New Delhi: When Shashank Manohar took charge as International Cricket Council (ICC) chairman earlier this year, many experts and cricket fans might have been excused for thinking the cosy relationship between the apex body and BCCI would become cosier still. But barely five months into his tenure, things have not quite panned out the way one might have expected.
The Board of Control for Cricket in India and ICC have found themselves on opposite sides of several disputes in recent times, the latest being the two-tier Test system, the DRS ruling and the budgetary allocations made for the 2017 Champions Trophy. In fact, so fractious have these issues become, that the BCCI has threatened to pull out of next summer’s “mini world cup”. So while critics claim Manohar has let BCCI down by ignoring India’s interests despite being at the helm of international cricket, the Nagpur-based lawyer has said his loyalties and responsibilities are towards the ICC alone, and he will do whatever it takes to ensure he protects its interests.
“When I was the BCCI president, it was my duty to look after the BCCI’s interests. Today I’m unconnected with any particular member of the ICC. I’m the independent ICC chairman, so I have to look at the best interests of the ICC. It’s for the BCCI representative to look after the best interests of the BCCI,” he told The Indian Express in an interview.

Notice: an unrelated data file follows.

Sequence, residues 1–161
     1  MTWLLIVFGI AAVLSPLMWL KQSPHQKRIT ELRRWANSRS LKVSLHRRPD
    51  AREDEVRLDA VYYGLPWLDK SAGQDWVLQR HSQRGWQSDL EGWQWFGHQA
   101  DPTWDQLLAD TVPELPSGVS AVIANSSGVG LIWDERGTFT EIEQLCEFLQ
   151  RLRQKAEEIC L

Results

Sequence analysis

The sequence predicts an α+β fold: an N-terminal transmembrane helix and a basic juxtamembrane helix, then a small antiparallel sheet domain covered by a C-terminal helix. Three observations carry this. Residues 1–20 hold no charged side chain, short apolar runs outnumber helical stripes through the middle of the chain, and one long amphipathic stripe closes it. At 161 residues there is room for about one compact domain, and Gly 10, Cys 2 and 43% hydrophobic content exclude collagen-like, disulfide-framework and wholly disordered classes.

For the BCCI, which contributes over 70 percent to international cricket’s revenue to be short-sighted in this manner was a particularly hard blow to absorb, and board functionaries are reportedly upset with the ICC for not giving it a greater say in the running of the sport globally. Manohar’s predecessor N Srinivasan had mooted a “big three” plan giving India, Australia and England the lion’s share of international revenues. But that has also been revoked by Manohar.
In the interview with Express, he said he doesn’t agree with the argument. “Then, why the same logic shouldn’t apply to the BCCI? There are 30 state associations (in India), why shouldn’t somebody have a veto power? I ask a question to myself, why shouldn’t the same status be given to some associations in India? For example, Mumbai generates the highest revenue but does that mean that they should have a veto power on the BCCI decisions? Institutions function in a democratic manner and decisions are taken by the majority,” he said.
As for the BCCI’s problems with the $135 million allocated to the England Cricket Board (ECB) for organising the Champions Trophy, a figure significantly higher than the $45 million it received for staging the World T20, Manohar said both figures were misrepresented. “$135 million is a factually wrong figure. The budget for the 2016 World T20 was $55m, which included the production cost too. The budget that has been earmarked for the Champions Trophy is $46m, which includes the production cost for the event. You must remember that the cost of accommodation and travel is much more in England than in India,” he told The Times of India in an interview.